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The UK government has not committed itself to stricter gambling advertising rules despite a parliamentary inquiry pushing for increased regulation.

The government today published its response to a report from the Department for Digital, Culture, Media and Sport’s (DCMS) gambling regulation inquiry, which urged further action to restrict gambling advertising.

This included calls for a more pre-cautionary approach, and a reduction of in-stadium gambling ads through the upcoming cross-sport gambling sponsorship code of conduct.

The government confirmed this upcoming code will require venues to dedicate a proportion of in-stadium sponsorship to safer gambling messaging.

The report’s response made no commitment to increased action in advertising regulation itself, beyond what was already stated in the gambling white paper.

However, the government said it would continue to monitor the evidence base around the impact of advertising on gambling behaviours.

If there is further evidence of negative impacts, the government said it would take appropriate action.

This is similar to the line taken by the country’s gambling minister during a parliamentary debate on the topic in March.

Government says affordability checks to be ‘proportionate’

The report also addressed the topic of the planned affordability checks, which have widely been considered to be the most controversial aspect of the government’s reforms.

The inquiry had initially called for these checks to be minimally intrusive and as frictionless as possible.

The report’s recommendation that the Gambling Commission establish a pilot scheme to trial the checks before a wider rollout was adopted in February.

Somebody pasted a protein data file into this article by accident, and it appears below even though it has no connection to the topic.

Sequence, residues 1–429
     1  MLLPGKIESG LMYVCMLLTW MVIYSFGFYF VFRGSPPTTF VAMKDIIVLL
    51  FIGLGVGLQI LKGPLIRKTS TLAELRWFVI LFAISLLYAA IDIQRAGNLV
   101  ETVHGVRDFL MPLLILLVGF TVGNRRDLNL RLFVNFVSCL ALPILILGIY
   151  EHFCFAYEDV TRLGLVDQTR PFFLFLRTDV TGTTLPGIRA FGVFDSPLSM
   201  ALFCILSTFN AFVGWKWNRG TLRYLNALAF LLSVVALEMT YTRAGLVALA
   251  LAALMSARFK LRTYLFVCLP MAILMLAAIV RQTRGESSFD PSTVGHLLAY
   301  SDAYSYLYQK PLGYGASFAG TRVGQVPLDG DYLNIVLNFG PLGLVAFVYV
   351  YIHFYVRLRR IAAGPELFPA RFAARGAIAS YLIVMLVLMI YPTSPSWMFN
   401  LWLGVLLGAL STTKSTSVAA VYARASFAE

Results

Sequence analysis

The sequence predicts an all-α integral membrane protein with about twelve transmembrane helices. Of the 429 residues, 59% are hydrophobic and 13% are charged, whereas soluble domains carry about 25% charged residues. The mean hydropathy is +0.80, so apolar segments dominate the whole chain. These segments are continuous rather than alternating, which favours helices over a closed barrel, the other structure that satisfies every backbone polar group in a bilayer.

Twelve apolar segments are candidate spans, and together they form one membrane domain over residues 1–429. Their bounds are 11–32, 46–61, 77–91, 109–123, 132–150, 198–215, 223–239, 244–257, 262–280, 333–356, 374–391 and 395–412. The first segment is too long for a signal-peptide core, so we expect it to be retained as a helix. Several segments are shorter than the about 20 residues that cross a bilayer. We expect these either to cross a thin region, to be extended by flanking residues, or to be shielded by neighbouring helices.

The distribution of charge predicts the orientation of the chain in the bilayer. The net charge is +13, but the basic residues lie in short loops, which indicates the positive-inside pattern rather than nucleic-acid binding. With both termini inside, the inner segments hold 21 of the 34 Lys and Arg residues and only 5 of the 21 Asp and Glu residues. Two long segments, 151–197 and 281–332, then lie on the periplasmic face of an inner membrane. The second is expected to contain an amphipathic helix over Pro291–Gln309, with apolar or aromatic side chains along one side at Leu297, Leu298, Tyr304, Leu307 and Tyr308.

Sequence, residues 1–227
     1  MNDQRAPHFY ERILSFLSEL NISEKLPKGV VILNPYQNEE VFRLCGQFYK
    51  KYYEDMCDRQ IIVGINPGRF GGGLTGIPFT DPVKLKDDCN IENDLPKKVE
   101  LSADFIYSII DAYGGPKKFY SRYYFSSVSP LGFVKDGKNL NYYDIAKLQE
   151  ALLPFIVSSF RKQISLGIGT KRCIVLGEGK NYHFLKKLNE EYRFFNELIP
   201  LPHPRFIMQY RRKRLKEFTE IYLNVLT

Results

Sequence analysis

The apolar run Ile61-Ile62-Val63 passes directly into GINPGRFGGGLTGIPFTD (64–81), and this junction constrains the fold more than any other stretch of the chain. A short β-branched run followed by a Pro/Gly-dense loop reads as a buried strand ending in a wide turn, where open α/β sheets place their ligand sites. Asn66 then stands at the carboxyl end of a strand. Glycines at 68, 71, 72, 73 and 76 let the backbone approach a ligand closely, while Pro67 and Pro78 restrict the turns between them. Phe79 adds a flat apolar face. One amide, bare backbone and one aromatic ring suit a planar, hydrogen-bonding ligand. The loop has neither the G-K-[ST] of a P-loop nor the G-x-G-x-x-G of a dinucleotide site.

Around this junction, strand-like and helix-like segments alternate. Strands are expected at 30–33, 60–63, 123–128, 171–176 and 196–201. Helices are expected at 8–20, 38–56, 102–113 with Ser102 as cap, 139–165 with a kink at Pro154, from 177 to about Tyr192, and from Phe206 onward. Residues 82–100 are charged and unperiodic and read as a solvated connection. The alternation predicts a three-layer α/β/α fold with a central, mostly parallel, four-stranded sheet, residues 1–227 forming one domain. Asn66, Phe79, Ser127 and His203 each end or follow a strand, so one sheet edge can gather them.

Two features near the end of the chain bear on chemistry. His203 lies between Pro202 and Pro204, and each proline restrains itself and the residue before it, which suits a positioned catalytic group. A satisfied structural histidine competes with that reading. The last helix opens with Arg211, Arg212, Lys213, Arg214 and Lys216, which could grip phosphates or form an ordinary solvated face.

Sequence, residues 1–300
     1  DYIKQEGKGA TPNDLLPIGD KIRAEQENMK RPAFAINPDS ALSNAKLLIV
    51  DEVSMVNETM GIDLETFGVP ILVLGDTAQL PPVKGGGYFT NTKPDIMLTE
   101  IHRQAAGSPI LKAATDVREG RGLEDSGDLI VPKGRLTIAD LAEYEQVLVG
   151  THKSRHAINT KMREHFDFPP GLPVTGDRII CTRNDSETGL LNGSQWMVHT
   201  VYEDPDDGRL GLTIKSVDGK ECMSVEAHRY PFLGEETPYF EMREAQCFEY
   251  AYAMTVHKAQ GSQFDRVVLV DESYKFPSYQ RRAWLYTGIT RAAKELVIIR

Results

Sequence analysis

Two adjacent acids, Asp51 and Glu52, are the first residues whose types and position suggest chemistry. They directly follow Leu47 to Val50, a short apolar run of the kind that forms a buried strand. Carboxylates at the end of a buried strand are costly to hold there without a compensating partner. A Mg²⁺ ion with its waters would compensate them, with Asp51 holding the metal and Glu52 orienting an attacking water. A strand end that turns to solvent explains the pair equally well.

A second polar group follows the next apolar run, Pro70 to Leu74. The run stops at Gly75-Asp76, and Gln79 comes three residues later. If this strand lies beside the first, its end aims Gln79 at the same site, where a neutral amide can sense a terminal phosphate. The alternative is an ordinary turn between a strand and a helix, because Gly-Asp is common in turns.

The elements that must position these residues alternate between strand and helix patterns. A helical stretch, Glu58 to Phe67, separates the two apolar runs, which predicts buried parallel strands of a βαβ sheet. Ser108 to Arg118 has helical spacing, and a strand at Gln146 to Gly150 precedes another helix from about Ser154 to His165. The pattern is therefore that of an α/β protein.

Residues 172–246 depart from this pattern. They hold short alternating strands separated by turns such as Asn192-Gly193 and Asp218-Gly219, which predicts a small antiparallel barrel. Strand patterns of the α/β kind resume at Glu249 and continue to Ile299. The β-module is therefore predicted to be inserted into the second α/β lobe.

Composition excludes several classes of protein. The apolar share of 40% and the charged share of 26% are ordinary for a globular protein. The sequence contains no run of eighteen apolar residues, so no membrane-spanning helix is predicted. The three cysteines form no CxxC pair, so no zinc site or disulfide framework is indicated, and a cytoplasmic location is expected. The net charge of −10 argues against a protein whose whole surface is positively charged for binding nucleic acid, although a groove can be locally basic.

The checks will be proportionate, said the government, stating that the Commission would lay out its consultation response in “due course” outlining how this will be achieved.

Customers will not be impacted by the pilot period, it added, which will be used to work out how the data sharing and credit checks would work in practice.

An interim solution is being worked on by both DCMS and the government to ensure parity and consistency in how industry checks are applied.

It was reported in the national media that checks during the interim period would be triggered at £5,000 in gambling spend per month and £25,000 annually.

This, while significantly higher than what was recommended in the white paper, was in line with prior UKGC statements.

There was previous criticism that current licence requirements on affordability checks in the UK were seeing checks applied on an ad-hoc and inconsistent basis.

The Gambling Commission will also continue to gather data that will inform the final thresholds and definitions of losses for implementation following the trial period.

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